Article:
Second Example: Customer to Noncustomer
Assume traffic is coming in from A and is destined to M. How can AS64501 maximize revenue stream in this situation? There is only place to make money (the [A,C] link), and there is one place where its expensive to transit the traffic (the [F,G] link). The policy here should be to maximize traffic across [A,C], and minimize traffic across [F,G]. The policy, then, should be to push the traffic out of the network as soon as possible, and definitely without passing through [F,G]. There’s no point in carrying traffic through an expensive long distance link when you’re not getting paid on both ends of the path.
So what’s the solution here? Hot potato routing — prefer the closest exit point from your network, rather than the exit point closest to the destination. In this case, the provider wants to exit their network at the [D,E] link, although this path really isn’t any shorter to reach the final destination. Here local preference would be used to select a exit point that is closest to the point where the traffic enters the network. Typically the way to do this is to set the local preference on all received routes to some “base value.” For routes received from a locally connected customer, you set the local preference to a higher value, so routes to connected customers are preferred. Along a long haul or expensive link you might actually adjust the local preference to avoid the link if a path through a peer is available — but the policy needs to be built to continue preferring connected customers through the direct path.
The combination of these two policies is often called mashed potato routing, as it’s a combination of hot and cold potato policies.
Third Example: Content Provider
Content providers make their money by getting people to pay for a service, or access to some piece of information, rather than for transiting traffic. One way to make your service more attractive to users than similar competing services is to figure out how to make your service more responsive — in other words, make your service faster. But how do you make your service faster? The simplest answer is to disperse your service everywhere, as in caching the service, or creating a distributed service that is always close to the user. Some services, however, don’t lend themselves to this type of distribution. What is your other option?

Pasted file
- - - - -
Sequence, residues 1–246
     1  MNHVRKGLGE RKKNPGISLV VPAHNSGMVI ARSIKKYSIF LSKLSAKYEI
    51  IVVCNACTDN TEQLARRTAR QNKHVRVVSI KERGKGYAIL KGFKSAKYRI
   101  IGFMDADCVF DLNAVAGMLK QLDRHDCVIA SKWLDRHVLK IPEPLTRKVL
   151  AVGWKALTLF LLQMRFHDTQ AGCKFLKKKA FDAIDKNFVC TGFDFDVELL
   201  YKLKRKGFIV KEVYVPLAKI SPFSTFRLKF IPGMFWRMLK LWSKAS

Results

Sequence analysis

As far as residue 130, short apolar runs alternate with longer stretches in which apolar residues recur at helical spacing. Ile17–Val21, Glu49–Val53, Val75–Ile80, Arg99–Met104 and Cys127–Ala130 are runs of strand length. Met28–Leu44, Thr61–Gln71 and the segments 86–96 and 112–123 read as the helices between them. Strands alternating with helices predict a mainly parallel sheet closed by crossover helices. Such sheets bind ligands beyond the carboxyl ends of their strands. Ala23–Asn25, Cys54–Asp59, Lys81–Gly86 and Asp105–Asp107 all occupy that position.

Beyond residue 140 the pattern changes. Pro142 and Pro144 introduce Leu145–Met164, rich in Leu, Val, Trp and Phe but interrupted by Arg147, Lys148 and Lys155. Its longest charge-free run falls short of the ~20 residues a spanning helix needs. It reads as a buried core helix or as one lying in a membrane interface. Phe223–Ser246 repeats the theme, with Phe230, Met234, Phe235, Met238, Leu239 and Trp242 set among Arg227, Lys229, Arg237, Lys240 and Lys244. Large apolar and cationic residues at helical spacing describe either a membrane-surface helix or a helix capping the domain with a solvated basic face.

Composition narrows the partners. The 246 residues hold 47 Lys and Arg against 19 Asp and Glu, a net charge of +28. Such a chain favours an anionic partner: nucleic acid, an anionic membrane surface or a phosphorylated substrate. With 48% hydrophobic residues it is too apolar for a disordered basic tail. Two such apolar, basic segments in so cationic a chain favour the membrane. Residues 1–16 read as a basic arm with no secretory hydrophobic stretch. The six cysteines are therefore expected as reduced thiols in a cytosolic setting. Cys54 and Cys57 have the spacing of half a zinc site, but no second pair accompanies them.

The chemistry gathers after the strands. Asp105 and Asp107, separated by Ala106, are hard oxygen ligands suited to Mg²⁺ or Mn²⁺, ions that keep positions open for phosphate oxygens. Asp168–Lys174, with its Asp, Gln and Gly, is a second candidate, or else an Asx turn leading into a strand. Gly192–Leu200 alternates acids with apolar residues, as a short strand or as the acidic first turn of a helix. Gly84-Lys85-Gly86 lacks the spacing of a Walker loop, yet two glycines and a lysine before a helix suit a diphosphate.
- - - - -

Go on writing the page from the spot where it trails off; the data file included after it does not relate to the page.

To build out a really excellent global network that always prefers your traffic (quality of service, etc.) in order of the profit you make off of each service, and draw the customer’s traffic onto your network as soon as possible. You might call this the ultimate in cold potato routing — content providers often want to draw traffic onto their network, and carry over their network, even across moderately long distances, in order to control the user experience. Note that some transit providers specialize in providing services to such content providers, giving them the control they need to optimize traffic while not managing the entire network end-to-end.
What About Interprovider Links?
Finally, we need to discuss those interprovider links, and their impact on the provider’s policy — for instance, the [D,E] link. The general rule for a provider in these situations is, “don’t pay for anything new, and try to get others to pay you.” In other words, providers generally want to convert settlement-free links into links that are settled in their favor. Failing that, they want to keep the links settlement free if at all possible. How does this impact policy?
Returning to the customer-to-noncustomer example, transit providers are going to prefer hot potato routing — they want traffic they’re not being paid for at both ends off their network as soon as possible. But what happens if the [D,E] link suddenly becomes out of balance — what happens if AS64501 is sending more traffic along the link than AS64502 is? In this case, AS4502 will begin demanding settlement — which is good for AS64502, and bad for AS64501. If AS64501 must start paying settlement, then it might as well pay to increase the capacity on the long haul link [F,G] it already has in place instead.
In this case, AS64501 is going to balance it’s hot potato routing policy against the risk of being forced to pay for settlement. There are many ways to do this, but adjusting local preference on some destinations so they traverse internal links (less than hot potato routing) is the primary mechanism. Here the provider needs some sort of monitoring system than can see imbalances in traffic flows and adjust things as needed — or a number of sharp eyed engineers to cover the same ground.